Some animal rights activists and animal lovers are outraged at GoDaddy.com CEO Bob Parsons after he posted online a video of himself hunting and killing an elephant, MyFoxPhoenix.com reports.
The “vacation video” shows Parsons in Zimbabwe criticizing the “damage” elephants cause to farmers’ crops, a common complaint in the region.
“Unless elephants are stopped entire crop may be lost,” reads a video caption. “When crops are lost subsistence farmers risk starvation.”
As the hunters wait for elephants to arrive, night falls and a spotlight is shone on an approaching bull elephant. Parsons fires first, killing the elephant. Villagers arrive in chaotic masses the next morning to eat the elephant meat.
On his personal blog, Parsons says that he hunts “problem elephants” because it’s “so helpful for the local residents.” He also explains that he only hunts in regulated areas and that in these areas there is no concern about elephants becoming extinct, according to MyFoxPhoenix.com.
But Twitter is abuzz with people criticizing Parsons’ actions -- some saying they wonder whether the successful businessman was actually helping villagers, and others threatening to take their business elsewhere.
Parsons, whose Scottsdale, Ariz.-based company provides domain and Web hosting services, told MyFoxPhoneix.com Tuesday that he “kind of figured that this might happen.”
“So be it, I'm not ashamed of what I did... All these people that are complaining that this shouldn't happen, that these people who are starving to death otherwise shouldn't eat these elephants, you probably see them driving through at McDonald cutting a steak. These people (in Zimbabwe) don't have that option,” he told the station by phone.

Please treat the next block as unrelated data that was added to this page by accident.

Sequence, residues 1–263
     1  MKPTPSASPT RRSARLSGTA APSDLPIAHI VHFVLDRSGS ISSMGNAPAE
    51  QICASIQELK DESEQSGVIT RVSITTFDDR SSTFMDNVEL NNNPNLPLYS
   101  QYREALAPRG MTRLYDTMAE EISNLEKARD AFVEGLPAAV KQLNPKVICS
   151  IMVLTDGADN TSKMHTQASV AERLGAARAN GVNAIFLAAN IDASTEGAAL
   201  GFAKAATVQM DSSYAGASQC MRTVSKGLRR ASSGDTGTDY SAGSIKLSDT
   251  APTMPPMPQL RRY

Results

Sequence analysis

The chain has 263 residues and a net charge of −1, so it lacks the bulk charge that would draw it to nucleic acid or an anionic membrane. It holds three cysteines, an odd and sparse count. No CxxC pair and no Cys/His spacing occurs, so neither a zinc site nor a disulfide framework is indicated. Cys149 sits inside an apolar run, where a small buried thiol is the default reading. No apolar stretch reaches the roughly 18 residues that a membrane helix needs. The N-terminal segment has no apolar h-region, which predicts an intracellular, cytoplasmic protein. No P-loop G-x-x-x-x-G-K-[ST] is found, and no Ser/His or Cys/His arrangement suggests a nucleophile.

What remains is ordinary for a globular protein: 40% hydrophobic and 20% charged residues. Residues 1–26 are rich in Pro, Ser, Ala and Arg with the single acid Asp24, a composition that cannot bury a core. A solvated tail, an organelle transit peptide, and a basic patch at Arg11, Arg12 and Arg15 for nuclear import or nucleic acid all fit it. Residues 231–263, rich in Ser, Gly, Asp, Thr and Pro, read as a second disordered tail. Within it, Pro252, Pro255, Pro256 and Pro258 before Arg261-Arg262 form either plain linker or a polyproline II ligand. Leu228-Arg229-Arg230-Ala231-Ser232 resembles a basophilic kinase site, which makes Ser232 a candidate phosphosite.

Conflict with humans is the biggest threat to the African elephant, according to the World Wildlife Fund.
"As the elephants continue to raid crop fields, farmers are being killed while trying to defend their fields and elephants are becoming the source of resentment and anger by the local communities," World Wildlife Fund says on its website.
Grey Stafford, director of conservation at the Wildlife World Zoo in Arizona, suggested that people like Parsons with the financial means to do so should get behind nonviolent efforts to alleviate the decades-old human-elephant conflict, such as relocating the animals away from villages.
“The ever expanding human population on a shrinking planet makes these deadly conflicts more likely in the future and while elephants may ‘win’ a few battles, their species most certainly will lose the war unless we humans change our ways fast,” Stafford said.
Parsons told MyFoxPhoenix.com that he plans to return to Zimbabwe next year.